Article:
Last week, when I was walking to work, I saw people putting leaves on trees. There was someone on a ladder, someone in a raised platform, and someone on the ground, and they were all using wire to put fake leaves on a tree that had none.
When Cory, the narrator in Boy’s Life by Robert McCammon (Kindle here), is riding on a train with a man who looks suspiciously like Frankenstein’s monster, Cory thinks, “Were these three insane, or was I?”
That’s how I felt.
Cory lives in the small town of Zephyr, Alabama, in the 1960s, and he tells the story of the year he turns 13. His town is full of wonderful absurdities, his adventures are plentiful, and his love for his family and friends is strong and true.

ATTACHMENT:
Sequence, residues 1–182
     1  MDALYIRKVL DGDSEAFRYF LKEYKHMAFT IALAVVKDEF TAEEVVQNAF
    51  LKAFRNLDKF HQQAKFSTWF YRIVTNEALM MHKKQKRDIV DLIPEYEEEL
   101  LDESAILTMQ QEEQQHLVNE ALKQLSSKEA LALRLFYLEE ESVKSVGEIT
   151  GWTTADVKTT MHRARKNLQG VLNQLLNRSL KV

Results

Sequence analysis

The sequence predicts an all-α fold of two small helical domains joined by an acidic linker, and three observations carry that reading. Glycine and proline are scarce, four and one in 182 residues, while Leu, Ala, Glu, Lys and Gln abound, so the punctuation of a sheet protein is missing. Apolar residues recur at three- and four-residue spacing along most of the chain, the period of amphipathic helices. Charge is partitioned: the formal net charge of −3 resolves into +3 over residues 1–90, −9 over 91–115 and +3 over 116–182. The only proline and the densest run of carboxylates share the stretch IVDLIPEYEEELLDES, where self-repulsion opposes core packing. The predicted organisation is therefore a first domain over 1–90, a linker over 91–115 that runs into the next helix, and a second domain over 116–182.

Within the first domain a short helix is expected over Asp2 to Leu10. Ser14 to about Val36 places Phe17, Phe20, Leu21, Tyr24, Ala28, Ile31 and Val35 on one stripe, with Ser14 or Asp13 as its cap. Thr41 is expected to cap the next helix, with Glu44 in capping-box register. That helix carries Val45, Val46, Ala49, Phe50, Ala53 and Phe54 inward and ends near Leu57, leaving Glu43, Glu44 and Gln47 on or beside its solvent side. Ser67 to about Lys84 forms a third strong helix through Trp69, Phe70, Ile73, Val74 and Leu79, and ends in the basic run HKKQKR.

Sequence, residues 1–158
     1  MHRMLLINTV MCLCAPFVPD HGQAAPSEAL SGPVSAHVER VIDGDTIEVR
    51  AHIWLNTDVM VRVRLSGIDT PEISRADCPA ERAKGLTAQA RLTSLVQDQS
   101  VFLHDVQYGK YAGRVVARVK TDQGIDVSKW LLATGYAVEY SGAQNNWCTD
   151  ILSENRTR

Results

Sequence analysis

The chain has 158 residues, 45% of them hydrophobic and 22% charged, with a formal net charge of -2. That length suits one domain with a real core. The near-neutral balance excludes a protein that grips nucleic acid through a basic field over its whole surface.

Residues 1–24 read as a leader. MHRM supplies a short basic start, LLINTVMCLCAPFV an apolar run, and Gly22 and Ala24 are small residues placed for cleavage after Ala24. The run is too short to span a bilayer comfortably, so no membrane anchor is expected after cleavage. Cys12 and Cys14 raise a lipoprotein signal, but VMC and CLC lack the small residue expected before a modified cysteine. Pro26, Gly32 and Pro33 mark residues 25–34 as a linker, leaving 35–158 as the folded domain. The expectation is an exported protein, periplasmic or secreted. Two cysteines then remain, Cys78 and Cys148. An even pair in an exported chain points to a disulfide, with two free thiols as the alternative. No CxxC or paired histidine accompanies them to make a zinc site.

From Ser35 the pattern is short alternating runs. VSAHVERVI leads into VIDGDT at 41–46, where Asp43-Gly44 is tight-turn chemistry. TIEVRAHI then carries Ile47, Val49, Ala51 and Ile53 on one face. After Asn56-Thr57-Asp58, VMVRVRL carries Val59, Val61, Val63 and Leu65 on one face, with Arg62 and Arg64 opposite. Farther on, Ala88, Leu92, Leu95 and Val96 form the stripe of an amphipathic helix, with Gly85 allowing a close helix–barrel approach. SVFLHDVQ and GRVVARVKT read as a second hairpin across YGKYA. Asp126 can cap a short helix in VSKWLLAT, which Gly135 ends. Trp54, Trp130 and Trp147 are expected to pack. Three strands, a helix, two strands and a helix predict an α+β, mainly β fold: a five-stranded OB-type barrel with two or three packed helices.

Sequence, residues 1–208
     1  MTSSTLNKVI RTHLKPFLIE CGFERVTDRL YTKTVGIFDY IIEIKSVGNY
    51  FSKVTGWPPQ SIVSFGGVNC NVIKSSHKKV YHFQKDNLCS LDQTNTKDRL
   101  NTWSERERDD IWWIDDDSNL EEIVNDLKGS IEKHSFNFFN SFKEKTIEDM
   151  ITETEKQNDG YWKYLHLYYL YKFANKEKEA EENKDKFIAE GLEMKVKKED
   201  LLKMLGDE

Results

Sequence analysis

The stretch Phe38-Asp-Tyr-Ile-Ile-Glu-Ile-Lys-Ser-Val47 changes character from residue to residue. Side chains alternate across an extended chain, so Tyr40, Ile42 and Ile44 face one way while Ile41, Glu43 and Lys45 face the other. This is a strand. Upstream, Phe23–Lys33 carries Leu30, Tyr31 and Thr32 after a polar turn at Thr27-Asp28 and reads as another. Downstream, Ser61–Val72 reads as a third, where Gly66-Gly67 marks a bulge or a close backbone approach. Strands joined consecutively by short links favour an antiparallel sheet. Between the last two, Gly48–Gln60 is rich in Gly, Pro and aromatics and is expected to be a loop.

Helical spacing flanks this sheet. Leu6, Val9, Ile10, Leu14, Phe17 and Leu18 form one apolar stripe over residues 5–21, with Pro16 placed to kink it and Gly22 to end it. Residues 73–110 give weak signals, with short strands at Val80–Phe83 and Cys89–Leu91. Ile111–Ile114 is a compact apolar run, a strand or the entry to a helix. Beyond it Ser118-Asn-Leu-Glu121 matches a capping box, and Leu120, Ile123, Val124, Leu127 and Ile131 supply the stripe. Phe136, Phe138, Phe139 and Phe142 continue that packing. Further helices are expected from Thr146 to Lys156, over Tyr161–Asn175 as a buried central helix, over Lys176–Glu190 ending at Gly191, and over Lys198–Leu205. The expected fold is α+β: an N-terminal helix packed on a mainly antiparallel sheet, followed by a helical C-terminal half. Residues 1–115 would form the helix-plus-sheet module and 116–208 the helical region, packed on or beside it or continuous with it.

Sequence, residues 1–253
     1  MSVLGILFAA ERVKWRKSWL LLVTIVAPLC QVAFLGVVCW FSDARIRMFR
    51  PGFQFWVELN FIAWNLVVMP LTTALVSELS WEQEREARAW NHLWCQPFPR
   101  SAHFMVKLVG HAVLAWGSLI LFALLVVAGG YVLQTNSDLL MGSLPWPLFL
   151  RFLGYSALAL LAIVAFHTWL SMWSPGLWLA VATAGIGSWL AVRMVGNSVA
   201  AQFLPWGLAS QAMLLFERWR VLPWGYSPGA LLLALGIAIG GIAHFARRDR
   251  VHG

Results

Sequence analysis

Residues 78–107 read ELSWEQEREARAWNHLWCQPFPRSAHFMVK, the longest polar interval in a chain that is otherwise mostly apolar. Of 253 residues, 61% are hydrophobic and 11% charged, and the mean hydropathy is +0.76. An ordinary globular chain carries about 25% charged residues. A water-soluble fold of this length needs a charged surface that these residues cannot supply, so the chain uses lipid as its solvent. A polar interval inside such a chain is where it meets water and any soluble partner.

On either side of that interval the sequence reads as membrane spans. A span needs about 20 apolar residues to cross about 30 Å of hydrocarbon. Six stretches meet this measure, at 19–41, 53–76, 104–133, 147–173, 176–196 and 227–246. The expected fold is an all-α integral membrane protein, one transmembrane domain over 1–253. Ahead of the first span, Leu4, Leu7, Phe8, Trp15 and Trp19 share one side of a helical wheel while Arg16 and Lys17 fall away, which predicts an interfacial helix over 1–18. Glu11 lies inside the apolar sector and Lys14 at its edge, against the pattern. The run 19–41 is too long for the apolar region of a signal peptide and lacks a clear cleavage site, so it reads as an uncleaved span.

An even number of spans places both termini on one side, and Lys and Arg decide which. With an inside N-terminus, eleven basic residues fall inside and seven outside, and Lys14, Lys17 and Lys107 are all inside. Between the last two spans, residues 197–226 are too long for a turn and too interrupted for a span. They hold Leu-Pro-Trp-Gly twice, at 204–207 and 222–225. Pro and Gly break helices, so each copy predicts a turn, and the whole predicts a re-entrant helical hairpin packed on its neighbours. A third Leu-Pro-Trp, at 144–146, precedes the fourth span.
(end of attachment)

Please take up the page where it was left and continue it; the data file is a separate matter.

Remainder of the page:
I love a lot of things about this book. But the thing I love most is Cory’s voice. A lot of books use children narrators–children can ignore danger and logic in a way that adults can’t–but adult attitudes, vocabularies, and thoughts tend to sneak through. Cory’s voice is consistently strong and interesting, and he tells stories the way kids see them: big and real and exaggerated and in your face. “Writer? Author? Storyteller, that’s what I decided to be,” Cory says. And a storyteller he is. Continue reading